Not least because not even Sky TV would continue to pay high premiums for hollow fixtures.

What the moguls of Europe cannot see through their immediate greed is that while Newcastle couldn't draw flies in Spain and Manchester failed to attract a full house in Italy, our two Uniteds could sell out Old Traf-ford or St James' Park three times over whenever they play each other in the English Premiership.

UEFA have already taken the most romantic and most marketable name in club football - the European Cup - and contorted it into this unwieldy Champions League, diluting its attraction by including non-champions.

It is up to the clubs to restrain them before they do further damage.

Football in England is a vibrant commodity now. That is because the Premiership is trading to maximum advantage on the tribal rivalries between the traditional hotbeds of our national game. That is why a match against Derby will still attract more paying customers to Highbury than all but a very few European visitors and Arsenal, who have been actively promoting the notion of a European League, would do well to pause and reflect on that.

The beauty of the European Cup we all knew and loved was that it offered the supreme reward for excellence at home.

A thriving national championship leading to elite international competition is the proper, natural balance for the people's game both at home and abroad.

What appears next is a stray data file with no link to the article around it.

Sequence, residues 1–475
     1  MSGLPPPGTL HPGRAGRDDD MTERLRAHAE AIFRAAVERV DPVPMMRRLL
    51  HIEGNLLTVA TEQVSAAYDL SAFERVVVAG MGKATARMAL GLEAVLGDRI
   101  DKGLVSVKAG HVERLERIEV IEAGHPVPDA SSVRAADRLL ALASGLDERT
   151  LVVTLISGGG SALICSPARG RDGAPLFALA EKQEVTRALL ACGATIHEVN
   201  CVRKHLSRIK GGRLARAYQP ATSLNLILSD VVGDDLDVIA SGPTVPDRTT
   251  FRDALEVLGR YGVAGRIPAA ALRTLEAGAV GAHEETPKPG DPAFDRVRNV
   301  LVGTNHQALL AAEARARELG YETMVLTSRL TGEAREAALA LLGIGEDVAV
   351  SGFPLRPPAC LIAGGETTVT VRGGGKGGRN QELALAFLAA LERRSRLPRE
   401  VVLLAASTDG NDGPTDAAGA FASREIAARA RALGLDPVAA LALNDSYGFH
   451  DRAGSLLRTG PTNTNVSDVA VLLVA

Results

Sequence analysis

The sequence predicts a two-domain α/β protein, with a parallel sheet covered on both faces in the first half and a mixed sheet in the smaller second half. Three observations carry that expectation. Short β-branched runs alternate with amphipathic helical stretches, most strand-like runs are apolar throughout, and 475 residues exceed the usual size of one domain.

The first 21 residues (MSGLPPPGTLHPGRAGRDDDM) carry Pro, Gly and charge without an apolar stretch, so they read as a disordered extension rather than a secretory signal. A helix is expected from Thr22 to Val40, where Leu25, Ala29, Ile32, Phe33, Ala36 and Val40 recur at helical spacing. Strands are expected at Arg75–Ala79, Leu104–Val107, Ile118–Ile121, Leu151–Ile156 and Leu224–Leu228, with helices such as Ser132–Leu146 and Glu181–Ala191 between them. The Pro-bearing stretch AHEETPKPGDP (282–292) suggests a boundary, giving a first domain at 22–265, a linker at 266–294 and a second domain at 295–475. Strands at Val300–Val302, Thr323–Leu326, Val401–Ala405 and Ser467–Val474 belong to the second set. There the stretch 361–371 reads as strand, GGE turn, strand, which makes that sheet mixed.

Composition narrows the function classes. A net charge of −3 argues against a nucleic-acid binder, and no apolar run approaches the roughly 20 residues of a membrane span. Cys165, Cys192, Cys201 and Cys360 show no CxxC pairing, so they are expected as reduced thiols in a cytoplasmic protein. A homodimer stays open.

The day European football becomes commonplace will be the day they kill all our dreams. Just ask Sparkout Madcow.

Opposites to attract for Vinnie the boss

THE eternal attraction of opposites has been thoroughly documented through such peculiar royal romances as Anthony and Cleopatra, Andy and Fergie, Stephanie of Monaco and her minder and, sadder to say, even Di and Dodi.

And what do we have in prospect now? Vinnie and management, none other.

The Hamlet of Wimbledon has announced himself ready to lay down the sword of pitch battle and pick up the velvet glove which is an indispensable piece of equipment for every football boss.

Good for you, Mr Jones.

As one who has had occasion to berate his excesses, I am happy to recognise that managers invariably produce teams in the totally opposite image of themselves as players.

George Graham, for example, was so much the epitome of unhurried elegance as a footballer with

Chelsea, Arsenal, Manchester United and Scotland that he was nicknamed Stroller. Yet he has organised first Arsenal and now Leeds into arch-professionals whose success is rooted in a high work ethic and an intimidating appetite for the physical challenge.

So while there is no need to re-itemise here Jones' rather restricted qualities as a player, I fully expect any team under his future direction to be full of talented ballplayers who are encouraged to put the emphasis on attack and creation rather than the tackle and intimidation.

Historically, the true destiny of every dark prince is to crusade for the beautiful game.